2 minute summary

Walking holidays in Cuba are becoming more popular as previously off-limits parts of the island are opening up to tourism, and specialist, English speaking guides are available to reveal the secrets of these stunning natural landscapes. 25 endemic bird species, eerie ruins of slave-built plantations, sombrero-wearing tobacco farmers and Fidel’s former HQ can all be found tucked into rainforests, mountain slopes and valleys that buzz with the sound of waterfalls and hummingbirds. Multi day treks ascend to the island’s highest peak; day tours explore coffee fincas and natural pools; and two-week walking holidays can take you across the country, hiking each of the highlights along the way, or following in the footsteps of the revolutionaries from the Sierra Maestra to Havana.

There will be plenty of time to kick back in the colonial cities in between treks, as well as soothing sore feet in the warm Caribbean waters with a day or two at the beach. Find out more in our walking holidays in Cuba travel guide.
If you'd like to chat about cuba walking holidays or need help finding a holiday to suit you we're very happy to help.
Rosy & team.
01273 823 700



As the best time to go on a walking holiday in Cuba is also the busiest season, booking a good six to nine months ahead is advisable. Things start warming up in April, with rains arriving towards the end of the month, or in early May. May can be a good option however as you may still have decent weather, along with fewer crowds and lower prices. Summer sees rising temperatures and discomfort, particularly in the southeast, where some of the best walking trails are located. Heavy downpours, although not daily, can make treks unpleasant – and hurricanes are more likely to occur between August and October.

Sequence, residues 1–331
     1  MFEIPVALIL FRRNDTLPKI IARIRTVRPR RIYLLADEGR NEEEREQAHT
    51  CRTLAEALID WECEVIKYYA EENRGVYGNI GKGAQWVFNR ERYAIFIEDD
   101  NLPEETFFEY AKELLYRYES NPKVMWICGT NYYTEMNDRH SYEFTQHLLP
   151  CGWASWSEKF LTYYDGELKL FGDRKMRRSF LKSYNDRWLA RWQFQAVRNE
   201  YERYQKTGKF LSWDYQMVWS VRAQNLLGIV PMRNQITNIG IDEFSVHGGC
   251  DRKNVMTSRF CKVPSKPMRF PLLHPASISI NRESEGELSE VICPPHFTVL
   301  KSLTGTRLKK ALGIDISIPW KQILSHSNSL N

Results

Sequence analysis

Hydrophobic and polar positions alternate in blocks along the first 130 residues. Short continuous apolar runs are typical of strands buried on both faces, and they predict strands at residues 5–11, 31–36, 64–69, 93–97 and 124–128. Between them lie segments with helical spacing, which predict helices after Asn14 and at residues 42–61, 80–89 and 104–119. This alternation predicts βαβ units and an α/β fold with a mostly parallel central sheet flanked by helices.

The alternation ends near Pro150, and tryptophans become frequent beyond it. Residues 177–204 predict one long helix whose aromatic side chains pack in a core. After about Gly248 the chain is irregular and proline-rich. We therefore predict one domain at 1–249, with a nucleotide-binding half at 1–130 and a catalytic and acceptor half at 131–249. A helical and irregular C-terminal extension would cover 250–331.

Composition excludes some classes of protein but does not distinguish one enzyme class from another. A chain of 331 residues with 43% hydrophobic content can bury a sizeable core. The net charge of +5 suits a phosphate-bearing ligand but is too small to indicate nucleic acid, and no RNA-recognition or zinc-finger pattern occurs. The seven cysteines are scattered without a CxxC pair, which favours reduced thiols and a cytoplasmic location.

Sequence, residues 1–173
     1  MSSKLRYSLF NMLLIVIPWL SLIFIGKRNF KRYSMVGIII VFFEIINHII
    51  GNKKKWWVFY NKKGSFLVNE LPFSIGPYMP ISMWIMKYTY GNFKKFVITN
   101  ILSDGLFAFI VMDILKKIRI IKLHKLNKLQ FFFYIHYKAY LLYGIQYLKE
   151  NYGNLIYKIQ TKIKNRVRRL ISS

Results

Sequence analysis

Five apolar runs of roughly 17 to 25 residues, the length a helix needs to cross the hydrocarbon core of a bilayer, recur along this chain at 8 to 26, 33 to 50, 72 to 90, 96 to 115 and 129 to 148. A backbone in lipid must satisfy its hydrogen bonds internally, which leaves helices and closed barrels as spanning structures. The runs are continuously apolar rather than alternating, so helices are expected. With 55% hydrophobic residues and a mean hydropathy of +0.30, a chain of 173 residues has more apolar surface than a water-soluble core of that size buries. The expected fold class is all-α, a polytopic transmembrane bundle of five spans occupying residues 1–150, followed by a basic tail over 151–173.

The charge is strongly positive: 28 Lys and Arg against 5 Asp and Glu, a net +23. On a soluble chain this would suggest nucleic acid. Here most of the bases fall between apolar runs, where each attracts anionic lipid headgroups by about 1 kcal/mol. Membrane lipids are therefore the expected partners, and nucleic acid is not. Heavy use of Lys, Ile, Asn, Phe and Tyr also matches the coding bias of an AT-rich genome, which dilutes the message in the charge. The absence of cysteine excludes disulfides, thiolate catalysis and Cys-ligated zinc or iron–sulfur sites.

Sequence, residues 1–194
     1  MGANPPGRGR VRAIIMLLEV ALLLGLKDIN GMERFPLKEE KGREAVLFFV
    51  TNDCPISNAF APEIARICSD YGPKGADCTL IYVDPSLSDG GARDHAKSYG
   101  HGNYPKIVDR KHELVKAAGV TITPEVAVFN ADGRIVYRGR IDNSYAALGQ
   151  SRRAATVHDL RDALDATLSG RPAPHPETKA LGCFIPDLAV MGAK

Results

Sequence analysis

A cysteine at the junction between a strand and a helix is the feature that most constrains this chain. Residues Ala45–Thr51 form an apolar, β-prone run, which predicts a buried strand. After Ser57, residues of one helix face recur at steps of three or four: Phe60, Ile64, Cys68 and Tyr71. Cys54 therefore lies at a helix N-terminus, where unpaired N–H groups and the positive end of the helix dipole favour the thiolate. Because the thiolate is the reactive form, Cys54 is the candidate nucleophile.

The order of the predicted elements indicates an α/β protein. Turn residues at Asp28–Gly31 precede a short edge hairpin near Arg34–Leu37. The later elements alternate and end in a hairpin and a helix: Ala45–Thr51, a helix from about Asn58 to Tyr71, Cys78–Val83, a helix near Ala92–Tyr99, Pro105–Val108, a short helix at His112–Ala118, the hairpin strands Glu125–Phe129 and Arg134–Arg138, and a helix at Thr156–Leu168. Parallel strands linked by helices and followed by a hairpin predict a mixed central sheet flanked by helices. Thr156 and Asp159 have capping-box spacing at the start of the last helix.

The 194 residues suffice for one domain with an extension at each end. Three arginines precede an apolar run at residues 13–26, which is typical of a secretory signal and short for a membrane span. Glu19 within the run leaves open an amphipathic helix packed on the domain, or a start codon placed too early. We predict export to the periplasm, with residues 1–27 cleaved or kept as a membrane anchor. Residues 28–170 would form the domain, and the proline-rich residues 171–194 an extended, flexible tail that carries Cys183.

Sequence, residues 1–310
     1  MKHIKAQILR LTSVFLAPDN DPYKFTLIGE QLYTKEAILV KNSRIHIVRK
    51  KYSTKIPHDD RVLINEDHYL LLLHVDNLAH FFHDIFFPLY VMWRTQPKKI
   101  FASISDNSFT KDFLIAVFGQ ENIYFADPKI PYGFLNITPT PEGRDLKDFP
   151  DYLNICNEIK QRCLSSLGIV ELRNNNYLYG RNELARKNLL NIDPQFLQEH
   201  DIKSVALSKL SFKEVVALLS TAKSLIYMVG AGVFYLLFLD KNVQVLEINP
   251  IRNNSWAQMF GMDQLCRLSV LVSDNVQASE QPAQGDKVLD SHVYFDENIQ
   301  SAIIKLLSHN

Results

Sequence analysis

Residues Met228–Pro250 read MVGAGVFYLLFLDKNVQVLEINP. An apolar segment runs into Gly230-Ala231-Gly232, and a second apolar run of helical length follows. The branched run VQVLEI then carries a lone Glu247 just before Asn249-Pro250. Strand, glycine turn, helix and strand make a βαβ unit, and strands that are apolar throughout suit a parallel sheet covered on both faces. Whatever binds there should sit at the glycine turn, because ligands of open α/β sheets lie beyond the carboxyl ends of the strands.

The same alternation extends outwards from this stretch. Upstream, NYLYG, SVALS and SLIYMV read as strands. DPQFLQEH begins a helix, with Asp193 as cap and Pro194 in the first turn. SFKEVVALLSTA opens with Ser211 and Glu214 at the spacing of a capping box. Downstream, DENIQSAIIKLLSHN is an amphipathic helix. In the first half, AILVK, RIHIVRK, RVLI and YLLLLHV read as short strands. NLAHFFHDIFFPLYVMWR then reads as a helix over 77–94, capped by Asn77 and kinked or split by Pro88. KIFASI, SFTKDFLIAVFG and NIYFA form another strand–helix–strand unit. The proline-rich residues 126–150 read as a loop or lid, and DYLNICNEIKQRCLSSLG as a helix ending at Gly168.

Things to do...

The Sierra Maestra is a hiking Mecca, and spending a few days exploring these soaring tropical mountains is a must on a walking holiday in Cuba. Shorter itineraries take you through the tropical forests of the valleys to Fidel’s former hideout. Three- or four-day treks take you up and over the summit of Pico Turquino – Cuba’s highest peak – staying in mountain refuges along the way, and appreciating what the revolutionaries endured during their time ensconced in the sierra.
You won’t just be exploring natural landscapes on your Cuba walking holiday; these mountains, forests and valleys have sheltered revolutionaries including Che Guevara and Fidel Castro, along with escaped slaves, meaning that as you trek you will be following in the footsteps of history. Discover abandoned plantations, where slaves were forced to build their own tiny shelters, and the thatched, wooden, Comandancia de la Plata, which was Castro’s jungle HQ during his guerilla days.
Cuba’s forests and mountains shelter a number of particularly pretty birds. The striking Cuba trogon, known locally as tocoloro, is the island’s national bird, and it appears to have been painted in the colours of the Cuban flag. The trogon is one of 25 endemics found here; others include the bee hummingbird, Cuban oriole and Cuban parakeet. A total of 368 bird species have been observed in Cuba; bring your binoculars if you’re keen to get a closer look.

Things not to do...

Be ill prepared. Supplies are few and far between in Cuba – particularly in some of the remote areas you may be walking in. Pack sunscreen, sunglasses and a wide brimmed hat, as well as long sleeved shirts and suitable walking shoes or boots, depending on the level of trek you’re undertaking. And we’d recommend bringing energy bars or trail mix too – these won’t be available in Cuba.
Expect people to speak English. Although most guided tours or day trips will include the services of an English speaking guide, English is not widely spoken in Cuba. You should do your best to learn a few words of Spanish in order to be able to communicate with your hosts if staying in casas particulares, to order food, or to chat with people in bars or cafes.
Be inflexible. In Cuba, things don’t always go to plan – but Cubans believe that everything is possible. That is to say, if a car breaks down, if there is a storm, if something you want is not available – they will find a way around it. This may mean your trip does not go exactly as planned, or some things may take a little longer than anticipated – but this is Cuba, and understanding this process is a big part of learning about Cuban culture. Tranquilo…
Photo credits: [Topbox: Guillaume Baviere] [Temp box: Vicki Brown] [helpdesk: Caledonia Worldwide]
Written by Vicki Brown
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